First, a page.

By Head of Communications Jak Phillips
“You can’t outrun a bad diet.” That’s what they say isn’t it? Since time began, or at least since Dr Aseem Malhotra acquired a Twitter feed, our sector has often been demeaned and dismissed by this glib platitude.
As a communications professional myself, I can doff my cap and appreciate a great line, but it’s certainly not a blueprint for an effective health strategy. This is an argument which has been regularly trotted out by academics to diminish the power of exercise and to frame public health debate around their focus on obesity.
You don’t need a PhD of your own to see it’s a fundamentally flawed argument. Yes, exercise alone won’t help you maintain a perfect waistline but is that really all we should be worrying about? In a society where physical inactivity is killing twice as many people as obesity (University of Cambridge, 2015) shouldn’t we be embracing physical activity as a public health priority for its other benefits?
How about its ability to prevent 30 per cent of dementia cases, 30 per cent of osteoporosis, radically reduce risk of breast and bowel cancers, not to mention prevent depression, reduce stress and eliminate type 2 diabetes?
As the NHS England CEO Simon Stevens noted at last year’s ukactive Summit, the pharmaceutical industry dreams of discovering a magic pill that is as effective a treatment as physical activity.
We’ve known this for a long time – and health officials are coming around too – but it’s been a long old slog to build the evidence-based case for an active Britain.
ukactive’s seminal Turning the Tide of Inactivity report was undoubtedly a key factor in getting the ball rolling, but it’s been the meticulous work of the ukactive Research Institute – working hand in hand with the sector and partners such as Public Health England – which has really helped this movement to snowball.
A glance at the latest Active Lives statistics tells you our sector still has an awful long way to go before we make physical activity the natural choice for society. But there have been several academic landmarks in recent months which suggest we’re starting to move the dial.
This month saw ukactive CEO Steven Ward take to the stage at the Royal College of GPs’ Annual Conference to discuss the potential for physical activity to transform primary care. To have a leader of our sector addressing the marquee meeting of Britain’s most trusted clinicians would have been unthinkable even a few years ago, and it shows just how far the physical activity movement has come.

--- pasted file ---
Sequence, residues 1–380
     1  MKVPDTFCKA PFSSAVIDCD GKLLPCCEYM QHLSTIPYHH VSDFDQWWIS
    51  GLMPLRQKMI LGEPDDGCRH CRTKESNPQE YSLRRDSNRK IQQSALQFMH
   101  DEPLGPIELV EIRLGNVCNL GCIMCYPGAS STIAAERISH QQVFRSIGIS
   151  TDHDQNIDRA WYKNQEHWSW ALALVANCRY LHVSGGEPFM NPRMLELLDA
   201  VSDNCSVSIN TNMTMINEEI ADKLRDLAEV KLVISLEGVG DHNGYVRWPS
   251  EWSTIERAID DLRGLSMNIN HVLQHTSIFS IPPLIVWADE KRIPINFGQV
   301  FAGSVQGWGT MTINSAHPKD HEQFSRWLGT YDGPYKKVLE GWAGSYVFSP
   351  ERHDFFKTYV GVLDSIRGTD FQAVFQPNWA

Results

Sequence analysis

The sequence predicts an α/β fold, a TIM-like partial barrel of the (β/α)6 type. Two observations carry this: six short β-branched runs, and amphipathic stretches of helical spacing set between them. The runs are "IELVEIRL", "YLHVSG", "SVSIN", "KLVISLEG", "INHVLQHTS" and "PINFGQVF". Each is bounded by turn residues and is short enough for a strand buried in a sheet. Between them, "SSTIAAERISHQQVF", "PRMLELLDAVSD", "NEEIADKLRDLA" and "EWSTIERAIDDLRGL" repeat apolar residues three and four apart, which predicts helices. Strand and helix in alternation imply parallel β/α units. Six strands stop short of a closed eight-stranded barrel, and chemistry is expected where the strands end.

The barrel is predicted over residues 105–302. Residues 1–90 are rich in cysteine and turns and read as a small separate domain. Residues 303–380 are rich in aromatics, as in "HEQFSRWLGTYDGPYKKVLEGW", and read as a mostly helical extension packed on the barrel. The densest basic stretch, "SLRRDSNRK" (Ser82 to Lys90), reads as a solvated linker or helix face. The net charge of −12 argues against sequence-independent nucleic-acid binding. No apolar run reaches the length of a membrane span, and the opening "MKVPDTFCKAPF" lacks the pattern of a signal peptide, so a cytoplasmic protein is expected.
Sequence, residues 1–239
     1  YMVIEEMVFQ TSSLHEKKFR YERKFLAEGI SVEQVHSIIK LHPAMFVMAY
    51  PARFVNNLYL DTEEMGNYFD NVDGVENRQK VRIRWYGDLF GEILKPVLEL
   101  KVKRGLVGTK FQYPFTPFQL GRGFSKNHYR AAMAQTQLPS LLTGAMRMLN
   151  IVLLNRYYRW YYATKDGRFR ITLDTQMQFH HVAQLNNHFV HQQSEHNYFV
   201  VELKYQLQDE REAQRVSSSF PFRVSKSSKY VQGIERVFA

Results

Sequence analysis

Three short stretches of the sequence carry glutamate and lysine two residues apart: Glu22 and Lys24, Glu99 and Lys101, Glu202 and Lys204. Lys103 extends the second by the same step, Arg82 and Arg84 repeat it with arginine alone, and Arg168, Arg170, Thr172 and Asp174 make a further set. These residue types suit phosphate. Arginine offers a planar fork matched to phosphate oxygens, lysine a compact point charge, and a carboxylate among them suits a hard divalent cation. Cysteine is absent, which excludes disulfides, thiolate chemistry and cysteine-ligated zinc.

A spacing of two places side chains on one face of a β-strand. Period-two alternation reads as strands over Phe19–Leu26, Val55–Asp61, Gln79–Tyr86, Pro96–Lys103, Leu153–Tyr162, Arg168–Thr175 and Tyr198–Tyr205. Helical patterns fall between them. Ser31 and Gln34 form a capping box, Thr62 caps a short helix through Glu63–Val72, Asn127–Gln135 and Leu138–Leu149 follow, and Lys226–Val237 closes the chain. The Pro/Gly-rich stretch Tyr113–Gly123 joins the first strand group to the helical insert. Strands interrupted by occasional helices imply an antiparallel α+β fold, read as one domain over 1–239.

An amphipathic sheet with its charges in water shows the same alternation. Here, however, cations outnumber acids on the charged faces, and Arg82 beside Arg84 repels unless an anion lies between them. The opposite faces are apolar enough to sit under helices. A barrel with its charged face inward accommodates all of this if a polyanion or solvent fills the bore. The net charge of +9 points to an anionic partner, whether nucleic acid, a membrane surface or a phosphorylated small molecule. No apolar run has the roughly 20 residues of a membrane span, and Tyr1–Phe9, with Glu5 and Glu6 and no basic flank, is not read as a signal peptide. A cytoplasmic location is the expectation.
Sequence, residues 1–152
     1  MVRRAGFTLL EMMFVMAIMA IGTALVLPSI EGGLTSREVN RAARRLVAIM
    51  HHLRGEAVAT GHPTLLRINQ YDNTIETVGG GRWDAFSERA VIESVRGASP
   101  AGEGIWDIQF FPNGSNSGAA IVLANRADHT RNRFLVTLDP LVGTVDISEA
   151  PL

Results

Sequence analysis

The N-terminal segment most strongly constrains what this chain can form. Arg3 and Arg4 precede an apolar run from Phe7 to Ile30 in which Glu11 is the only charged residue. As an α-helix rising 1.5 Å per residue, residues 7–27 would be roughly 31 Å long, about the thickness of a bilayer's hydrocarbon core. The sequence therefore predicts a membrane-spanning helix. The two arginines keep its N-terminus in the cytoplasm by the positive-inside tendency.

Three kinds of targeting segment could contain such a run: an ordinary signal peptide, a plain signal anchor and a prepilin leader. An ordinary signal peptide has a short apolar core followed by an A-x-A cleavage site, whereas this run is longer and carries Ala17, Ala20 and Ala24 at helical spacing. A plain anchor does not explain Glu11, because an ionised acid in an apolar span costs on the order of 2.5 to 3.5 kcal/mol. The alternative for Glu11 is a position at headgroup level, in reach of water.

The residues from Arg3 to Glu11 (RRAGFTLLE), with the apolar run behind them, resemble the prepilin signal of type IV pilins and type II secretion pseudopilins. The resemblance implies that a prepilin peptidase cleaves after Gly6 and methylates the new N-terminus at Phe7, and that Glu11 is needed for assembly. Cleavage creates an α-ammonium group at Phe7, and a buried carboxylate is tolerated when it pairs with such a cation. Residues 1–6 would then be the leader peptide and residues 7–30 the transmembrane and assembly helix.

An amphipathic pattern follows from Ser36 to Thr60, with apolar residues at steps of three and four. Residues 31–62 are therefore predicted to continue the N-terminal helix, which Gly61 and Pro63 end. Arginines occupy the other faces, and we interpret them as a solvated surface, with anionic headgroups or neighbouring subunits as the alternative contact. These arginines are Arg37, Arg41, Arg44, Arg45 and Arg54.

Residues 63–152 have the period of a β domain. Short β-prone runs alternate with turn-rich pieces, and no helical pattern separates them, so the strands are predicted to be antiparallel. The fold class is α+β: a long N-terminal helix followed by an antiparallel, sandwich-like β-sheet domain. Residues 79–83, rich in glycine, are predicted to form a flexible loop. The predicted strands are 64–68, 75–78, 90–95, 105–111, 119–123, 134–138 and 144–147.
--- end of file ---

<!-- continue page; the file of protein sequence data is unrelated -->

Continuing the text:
There was further validation of our sector among the upper echelons of health policy just two weeks later, when ukactive Health & Wellbeing Lead Kenny Butler co-authored a paper in the prestigious British Medical Journal. The co-authors – NHS Chief Knowledge Officer Professor Muir Gray and Council Member of the Royal College of Surgeons Scarlett McNally – joined Kenny in asserting that social care is a consequence of preventable loss of fitness, not an inevitability. Together, they cited gyms and a range of physical activity opportunities as part of the cure to the long-term conditions that blight our ageing society.
We as a sector are physical activity advocates because it is our area of expertise, but we are pragmatic enough to acknowledge this is one piece of a bigger puzzle. It’s not an adversarial case of inactivity versus obesity, and which is more important.
Only a holistic health strategy that brings together diet, physical and mental health can truly lighten the load on the NHS and this is a topic we will explore in depth at our ukactive National Summit on November 1st. Our sector’s future will be determined by how bold and collaborative we are willing to be in our thinking. At Summit and beyond, we will continue to champion the role of physical activity in this landscape and work with partners across the clinical spectrum to achieve our goal of a happier, healthier, wealthier nation.